Ammunition they have confirmed they are confiscating is M992 infrared illumination and the M781 training practice round (seen below on the range, as featured in a story last year).

m203 Firing

The practice round has a plastic shell and contains a day-glow orange (and naturally degradable, environmentally friendly, even) chalk filling. It’s supposed to be a ballistic match for the HEDP round.

Here are some comments from an Arfcom thread on the subject. The original post:

Apparently the 40mm M992 IR flares are considered to be a explosive round. This is news to me. They got my name from the dealer I purchased them from, apparently they didn’t know either. Any one have any info on this. I’ve been googling it for a couple of hours now and can’t find anything.

He left his card on my front door. He said he was going to bring a copy of the explosives tech branch ruling.

The follow-up after the ATF visit, emphasis ours:

Ok so a update. The agent that showed up was an actual bomb tech. I surrendered the rounds under protest per the advice of a attorney. The bomb tech was a really cool guy. He agreed that it was pretty stupid and he hated to do it but he was being forced to help out with the case. He did also tell me that they had sent him out to take 40mm chalk rounds under the same case. I walked out to the truck with him and watched him place the rounds in the explosive magazine in his truck. When I told him I was surrendering the rounds under protest he looked at me and said “good I hope you can fight it and get them back because this whole situation is stupid.” I’m not sure if I will go to court over it or not. I’m not out enough money for it to be a big deal but it’s an issue that has me concerned. I know there are not enough people out there with registered DD M203’s for this case to ever become a big deal but it is really shitty that as far as I can tell all 40mm rounds are considered to be Low Explosives and can not be owned unless you have a explosive licence.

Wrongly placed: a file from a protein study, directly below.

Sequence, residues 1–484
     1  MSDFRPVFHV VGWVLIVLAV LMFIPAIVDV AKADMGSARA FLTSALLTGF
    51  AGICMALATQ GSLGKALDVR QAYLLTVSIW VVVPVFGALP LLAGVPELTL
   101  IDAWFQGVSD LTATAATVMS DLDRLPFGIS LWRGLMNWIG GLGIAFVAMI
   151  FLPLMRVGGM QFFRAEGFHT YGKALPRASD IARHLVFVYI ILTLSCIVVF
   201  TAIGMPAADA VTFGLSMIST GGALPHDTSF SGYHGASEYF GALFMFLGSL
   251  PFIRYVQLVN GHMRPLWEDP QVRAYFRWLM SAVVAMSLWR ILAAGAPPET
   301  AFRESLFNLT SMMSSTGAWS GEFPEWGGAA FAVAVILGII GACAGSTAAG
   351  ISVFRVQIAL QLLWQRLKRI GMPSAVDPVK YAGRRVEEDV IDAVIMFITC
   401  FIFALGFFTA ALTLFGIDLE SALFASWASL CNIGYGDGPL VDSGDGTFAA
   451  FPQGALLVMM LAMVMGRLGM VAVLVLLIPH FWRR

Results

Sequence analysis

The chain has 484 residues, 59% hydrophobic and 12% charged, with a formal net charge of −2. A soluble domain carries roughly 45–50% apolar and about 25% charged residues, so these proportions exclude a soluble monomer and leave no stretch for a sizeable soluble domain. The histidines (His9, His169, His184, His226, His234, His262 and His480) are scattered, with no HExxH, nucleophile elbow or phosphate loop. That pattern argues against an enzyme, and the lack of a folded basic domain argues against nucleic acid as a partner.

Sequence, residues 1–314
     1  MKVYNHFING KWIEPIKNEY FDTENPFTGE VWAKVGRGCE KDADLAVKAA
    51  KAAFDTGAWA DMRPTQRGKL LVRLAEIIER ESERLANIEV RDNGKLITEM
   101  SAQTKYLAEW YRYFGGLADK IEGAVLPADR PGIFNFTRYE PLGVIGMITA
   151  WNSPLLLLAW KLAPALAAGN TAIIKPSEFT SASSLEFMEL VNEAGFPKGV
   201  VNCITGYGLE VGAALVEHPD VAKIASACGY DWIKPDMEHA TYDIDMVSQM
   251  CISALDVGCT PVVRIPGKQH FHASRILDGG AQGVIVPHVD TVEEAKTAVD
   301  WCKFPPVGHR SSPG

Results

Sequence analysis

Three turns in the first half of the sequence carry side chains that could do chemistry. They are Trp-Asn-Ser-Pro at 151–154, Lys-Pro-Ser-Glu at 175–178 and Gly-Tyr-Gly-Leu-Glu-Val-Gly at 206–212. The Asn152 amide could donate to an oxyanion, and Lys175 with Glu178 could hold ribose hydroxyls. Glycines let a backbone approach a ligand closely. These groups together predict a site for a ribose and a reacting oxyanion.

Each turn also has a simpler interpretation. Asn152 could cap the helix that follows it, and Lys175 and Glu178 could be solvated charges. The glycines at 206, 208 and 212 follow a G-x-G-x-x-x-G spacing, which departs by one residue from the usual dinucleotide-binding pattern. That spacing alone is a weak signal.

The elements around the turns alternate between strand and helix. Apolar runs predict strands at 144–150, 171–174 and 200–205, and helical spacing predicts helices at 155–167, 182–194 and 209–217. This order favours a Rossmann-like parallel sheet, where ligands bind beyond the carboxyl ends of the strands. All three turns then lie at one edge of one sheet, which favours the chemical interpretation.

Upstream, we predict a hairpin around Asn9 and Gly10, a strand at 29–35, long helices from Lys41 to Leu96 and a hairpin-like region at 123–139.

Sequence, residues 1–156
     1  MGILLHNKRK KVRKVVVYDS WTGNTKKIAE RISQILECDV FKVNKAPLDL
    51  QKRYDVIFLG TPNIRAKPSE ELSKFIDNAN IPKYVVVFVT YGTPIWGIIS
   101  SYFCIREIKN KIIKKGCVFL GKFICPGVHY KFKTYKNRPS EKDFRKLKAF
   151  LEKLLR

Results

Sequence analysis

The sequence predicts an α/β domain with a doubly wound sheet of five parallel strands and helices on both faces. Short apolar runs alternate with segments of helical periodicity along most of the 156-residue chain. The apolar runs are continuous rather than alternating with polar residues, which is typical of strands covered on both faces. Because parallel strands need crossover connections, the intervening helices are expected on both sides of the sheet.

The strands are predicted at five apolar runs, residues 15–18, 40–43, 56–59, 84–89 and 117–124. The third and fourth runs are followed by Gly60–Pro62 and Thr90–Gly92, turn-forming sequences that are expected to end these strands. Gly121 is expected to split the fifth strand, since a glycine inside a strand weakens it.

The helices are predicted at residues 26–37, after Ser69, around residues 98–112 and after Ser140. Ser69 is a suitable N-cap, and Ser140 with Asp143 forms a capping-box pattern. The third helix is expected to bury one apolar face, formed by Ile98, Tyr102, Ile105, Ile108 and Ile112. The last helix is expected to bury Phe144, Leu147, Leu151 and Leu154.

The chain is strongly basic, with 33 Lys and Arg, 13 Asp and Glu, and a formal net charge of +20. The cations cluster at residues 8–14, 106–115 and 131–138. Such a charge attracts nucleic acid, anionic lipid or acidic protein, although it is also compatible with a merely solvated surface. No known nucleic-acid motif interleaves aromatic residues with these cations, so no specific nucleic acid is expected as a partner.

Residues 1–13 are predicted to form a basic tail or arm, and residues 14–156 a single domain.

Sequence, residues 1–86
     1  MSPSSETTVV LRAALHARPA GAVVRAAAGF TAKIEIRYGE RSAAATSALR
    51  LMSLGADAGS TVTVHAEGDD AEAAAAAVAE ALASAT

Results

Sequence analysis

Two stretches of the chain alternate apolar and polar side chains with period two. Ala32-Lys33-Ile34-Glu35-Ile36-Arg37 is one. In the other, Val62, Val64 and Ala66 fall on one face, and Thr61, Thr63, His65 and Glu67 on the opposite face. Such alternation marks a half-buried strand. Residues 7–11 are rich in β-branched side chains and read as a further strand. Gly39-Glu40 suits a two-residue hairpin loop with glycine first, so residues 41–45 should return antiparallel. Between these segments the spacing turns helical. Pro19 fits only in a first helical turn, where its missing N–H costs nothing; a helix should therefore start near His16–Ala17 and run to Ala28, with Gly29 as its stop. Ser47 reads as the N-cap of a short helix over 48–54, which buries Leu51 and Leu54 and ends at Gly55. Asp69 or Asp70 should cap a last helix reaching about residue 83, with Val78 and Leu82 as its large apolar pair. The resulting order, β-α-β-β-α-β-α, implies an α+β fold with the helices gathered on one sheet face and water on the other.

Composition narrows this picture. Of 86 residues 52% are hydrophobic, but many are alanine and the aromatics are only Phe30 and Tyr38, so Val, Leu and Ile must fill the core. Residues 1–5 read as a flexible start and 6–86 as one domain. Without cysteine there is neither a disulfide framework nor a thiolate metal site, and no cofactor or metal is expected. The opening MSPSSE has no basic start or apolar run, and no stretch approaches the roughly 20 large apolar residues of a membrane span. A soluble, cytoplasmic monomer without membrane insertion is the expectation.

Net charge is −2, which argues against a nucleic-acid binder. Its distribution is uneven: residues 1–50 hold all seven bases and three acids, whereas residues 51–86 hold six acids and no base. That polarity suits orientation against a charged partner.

Note that the “explosives tech branch ruling” has not been furnished, although this letter is circulating. It was addressed to the original Arfcom poster’s dealer, the one that had sold him the rounds.

40mm M992 Confiscation Letter.pdf

And, a comment in the same Arfcom thread by a different user:

I just contacted my Senator and OMB concerning this. My Senator is very concerned and OMB’s response was interesting in that they say ATF is citing one section of law while ignoring others that define what makes a DD. OMB believes that ATF may be outside of the law on this and will be contacting my Senator tomorrow. After a nice discussion with an investigator there, it appears ATF is fudging the language of the applied section of code to make a determination to allow them to confiscate. The investigator with OMB believes that this may warrant action against FTB in BATFE. We shall see what happens if anything. But there is absolutely no doubt that BATFE is deliberately incorrectly interpreting the section of code and is pursuing illegal action.

Meanwhile, another user’s comments show that ATF’s capricious volte face on this ammo is having the desired chilling effect: